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Digital Attacks and Phishing

The number of digital attacks has increased significantly in the last two months and the UFS is not excluded from this. During our first attack, many of our staff members clicked on the link provided in the phishing email and also provided their login credentials and password. At that point, the ‘hacker’ had free access to the university as he/she then adopted your digital identity and ‘operated’ as if it is you that sent out the phishing emails. Due to the fact that each staff member is a trusted partner of the UFS, our identity management systems will not block you from any of the allocated UFS digital resources, even though your digital identity now belongs to a hacker somewhere in the world. 

At this point, there is really nothing that ICT can do to track the hacker in our systems, except if he/she now becomes very active and attempts to hack into the core systems. In many instances, this is already too late for us (ICT) to attempt to curb the damage and all we can really do is to block the ‘trusted user’ in a manner that the user is no longer part of our digital landscape.

Furthermore, the hacking attempt now comes from inside our environment and all other users will most likely be ‘fooled’ (said with a lot of respect) by either claiming that they know the person well and trust emails coming from them. At that point they also become part of the hack network.

Lastly, and this is where it becomes a bit more serious. Once hacked, the hacker now uses your digital identity to generate literally millions of emails and sends them under your credentials to whoever is willing to accept them. The UFS now becomes exposed internationally as a phishing source and we become blacklisted and all our access to the outside world is terminated. Once we are cut off, we are subjected to international monitoring and digital audits until we resolve the phishing issue. Only at that point will we be allowed back into the global playpen. We are very close to this point and we were already warned that we are being monitored. Not a nice place to be.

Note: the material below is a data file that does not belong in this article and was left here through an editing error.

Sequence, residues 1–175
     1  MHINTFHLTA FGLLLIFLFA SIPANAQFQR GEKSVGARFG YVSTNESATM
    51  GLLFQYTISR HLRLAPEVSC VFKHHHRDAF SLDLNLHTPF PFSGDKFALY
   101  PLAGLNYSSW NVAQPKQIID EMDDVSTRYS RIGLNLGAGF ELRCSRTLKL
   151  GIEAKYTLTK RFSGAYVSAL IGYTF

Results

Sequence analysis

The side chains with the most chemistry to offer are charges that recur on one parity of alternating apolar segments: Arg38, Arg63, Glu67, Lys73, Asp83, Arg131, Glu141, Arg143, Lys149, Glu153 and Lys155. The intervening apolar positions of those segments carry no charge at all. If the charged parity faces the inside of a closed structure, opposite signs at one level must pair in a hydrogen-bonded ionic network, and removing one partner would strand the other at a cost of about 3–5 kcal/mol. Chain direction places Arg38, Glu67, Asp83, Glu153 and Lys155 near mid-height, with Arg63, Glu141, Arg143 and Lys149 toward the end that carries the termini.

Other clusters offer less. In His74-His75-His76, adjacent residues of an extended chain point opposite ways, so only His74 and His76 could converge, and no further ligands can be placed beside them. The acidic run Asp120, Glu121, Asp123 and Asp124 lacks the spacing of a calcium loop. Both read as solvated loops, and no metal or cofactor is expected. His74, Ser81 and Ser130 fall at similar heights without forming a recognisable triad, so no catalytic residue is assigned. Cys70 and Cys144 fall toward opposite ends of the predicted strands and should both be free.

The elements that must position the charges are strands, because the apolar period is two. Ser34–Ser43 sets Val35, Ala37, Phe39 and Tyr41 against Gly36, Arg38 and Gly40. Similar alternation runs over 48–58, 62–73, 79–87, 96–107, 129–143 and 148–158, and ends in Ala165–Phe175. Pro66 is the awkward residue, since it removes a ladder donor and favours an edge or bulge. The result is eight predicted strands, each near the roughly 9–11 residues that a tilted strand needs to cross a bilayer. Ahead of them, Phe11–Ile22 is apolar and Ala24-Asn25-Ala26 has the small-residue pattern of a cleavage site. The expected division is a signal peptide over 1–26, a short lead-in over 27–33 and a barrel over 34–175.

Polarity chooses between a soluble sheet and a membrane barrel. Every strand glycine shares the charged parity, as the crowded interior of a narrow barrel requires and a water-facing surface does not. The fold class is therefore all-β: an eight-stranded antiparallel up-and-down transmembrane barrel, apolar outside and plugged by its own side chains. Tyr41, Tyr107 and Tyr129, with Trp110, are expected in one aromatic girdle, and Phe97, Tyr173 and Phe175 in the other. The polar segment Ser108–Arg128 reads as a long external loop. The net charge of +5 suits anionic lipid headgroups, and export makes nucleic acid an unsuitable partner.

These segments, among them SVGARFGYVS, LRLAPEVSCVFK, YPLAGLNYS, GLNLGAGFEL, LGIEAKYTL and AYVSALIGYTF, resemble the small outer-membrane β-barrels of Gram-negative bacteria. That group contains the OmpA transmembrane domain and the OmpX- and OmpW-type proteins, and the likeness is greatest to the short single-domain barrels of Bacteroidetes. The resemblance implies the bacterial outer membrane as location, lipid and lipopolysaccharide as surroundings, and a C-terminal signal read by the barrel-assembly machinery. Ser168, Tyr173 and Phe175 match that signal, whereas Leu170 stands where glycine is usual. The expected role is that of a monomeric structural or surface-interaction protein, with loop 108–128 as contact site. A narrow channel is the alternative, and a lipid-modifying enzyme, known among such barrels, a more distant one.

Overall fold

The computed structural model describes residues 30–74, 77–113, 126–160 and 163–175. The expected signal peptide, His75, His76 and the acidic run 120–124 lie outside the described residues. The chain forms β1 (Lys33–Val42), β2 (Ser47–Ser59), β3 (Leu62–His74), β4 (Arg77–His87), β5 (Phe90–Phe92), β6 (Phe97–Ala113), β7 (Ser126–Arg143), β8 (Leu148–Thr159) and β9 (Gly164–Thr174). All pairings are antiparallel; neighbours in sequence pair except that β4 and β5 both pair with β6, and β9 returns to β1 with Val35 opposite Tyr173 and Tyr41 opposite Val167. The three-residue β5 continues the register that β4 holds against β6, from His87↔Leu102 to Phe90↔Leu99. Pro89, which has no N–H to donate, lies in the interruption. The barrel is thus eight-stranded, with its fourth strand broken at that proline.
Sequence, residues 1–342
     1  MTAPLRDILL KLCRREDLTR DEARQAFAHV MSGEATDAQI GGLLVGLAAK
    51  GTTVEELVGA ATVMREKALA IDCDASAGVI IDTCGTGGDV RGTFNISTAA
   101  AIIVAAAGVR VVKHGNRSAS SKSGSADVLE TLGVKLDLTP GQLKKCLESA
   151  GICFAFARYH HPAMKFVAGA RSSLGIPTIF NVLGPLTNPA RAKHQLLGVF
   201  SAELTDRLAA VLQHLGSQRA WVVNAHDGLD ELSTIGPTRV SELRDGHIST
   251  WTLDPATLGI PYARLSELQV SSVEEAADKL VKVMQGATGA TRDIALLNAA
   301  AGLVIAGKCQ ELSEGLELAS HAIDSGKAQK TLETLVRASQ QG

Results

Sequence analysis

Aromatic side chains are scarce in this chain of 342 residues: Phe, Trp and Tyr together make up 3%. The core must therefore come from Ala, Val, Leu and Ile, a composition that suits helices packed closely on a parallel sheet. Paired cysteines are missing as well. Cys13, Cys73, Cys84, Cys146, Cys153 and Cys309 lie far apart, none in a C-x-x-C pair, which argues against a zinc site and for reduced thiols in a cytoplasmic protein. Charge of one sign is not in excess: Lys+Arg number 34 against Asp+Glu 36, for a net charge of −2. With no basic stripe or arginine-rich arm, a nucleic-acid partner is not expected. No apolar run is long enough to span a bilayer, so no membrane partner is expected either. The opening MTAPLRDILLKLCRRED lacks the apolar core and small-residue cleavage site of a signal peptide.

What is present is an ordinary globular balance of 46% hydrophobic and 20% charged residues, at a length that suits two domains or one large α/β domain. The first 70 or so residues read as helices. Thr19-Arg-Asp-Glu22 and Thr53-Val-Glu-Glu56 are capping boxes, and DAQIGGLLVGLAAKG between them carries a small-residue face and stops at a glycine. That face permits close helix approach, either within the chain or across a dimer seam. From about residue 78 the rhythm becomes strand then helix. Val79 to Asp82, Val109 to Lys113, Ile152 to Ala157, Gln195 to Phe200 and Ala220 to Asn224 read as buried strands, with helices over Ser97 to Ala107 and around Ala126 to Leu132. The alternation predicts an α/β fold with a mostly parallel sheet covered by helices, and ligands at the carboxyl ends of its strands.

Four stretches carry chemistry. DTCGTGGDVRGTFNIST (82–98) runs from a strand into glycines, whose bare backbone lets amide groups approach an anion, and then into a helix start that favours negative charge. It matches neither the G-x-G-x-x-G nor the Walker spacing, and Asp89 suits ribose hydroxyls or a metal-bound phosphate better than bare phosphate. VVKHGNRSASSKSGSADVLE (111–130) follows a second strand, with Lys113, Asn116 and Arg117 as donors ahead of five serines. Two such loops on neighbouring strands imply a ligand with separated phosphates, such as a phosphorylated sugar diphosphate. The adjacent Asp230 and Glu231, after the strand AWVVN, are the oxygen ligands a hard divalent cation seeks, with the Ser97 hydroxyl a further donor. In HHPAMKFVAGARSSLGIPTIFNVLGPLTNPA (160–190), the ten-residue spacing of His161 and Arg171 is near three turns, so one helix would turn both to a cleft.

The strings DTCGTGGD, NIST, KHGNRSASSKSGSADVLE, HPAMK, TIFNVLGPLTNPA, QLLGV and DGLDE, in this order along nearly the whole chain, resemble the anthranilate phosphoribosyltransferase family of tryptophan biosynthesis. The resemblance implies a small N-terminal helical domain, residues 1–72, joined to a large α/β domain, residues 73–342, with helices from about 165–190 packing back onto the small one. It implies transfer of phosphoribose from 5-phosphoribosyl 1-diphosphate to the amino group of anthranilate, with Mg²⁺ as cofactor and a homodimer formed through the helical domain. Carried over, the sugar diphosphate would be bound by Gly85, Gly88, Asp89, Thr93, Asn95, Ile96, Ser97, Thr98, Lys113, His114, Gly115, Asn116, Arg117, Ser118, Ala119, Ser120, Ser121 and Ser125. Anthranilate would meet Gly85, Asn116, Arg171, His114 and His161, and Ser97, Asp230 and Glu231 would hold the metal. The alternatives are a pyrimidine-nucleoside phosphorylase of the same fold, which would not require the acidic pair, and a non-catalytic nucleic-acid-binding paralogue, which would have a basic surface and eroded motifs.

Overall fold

Given the last attack, it is estimated that 95% of our staff members ignored the hack email and are effectively safe, BUT, the 5% that did respond to it are now part of our (ICT) concern. So, what now?

  1. Sit down, take a few deep breaths, relax, calm down and, when ready, do the following steps.

  2. Change your password NOW, even if you are sure that you are part of the 95% group.

  3. In future, carefully consider the return URL (Internet address) provided to click on. If it looks funny and the ‘word’ ‘UFS’ is not somewhere contained in it – ignore it, and delete it immediately.

  4. If the message is not from me personally (as this email is), also ignore it. ICT will not communicate with you directly in the manner the hacker does by providing phony return email addresses. Notifications will be clearly identified as ICT.

  5. Report it immediately as you normally do to the ICT Service Desk (at x2000) and we will take it from there.

  6. If you, in any manner suspect that you were ‘infiltrated’ or ‘hi-jacked’, register a service call and we will investigate the matter and assist you in any way we can.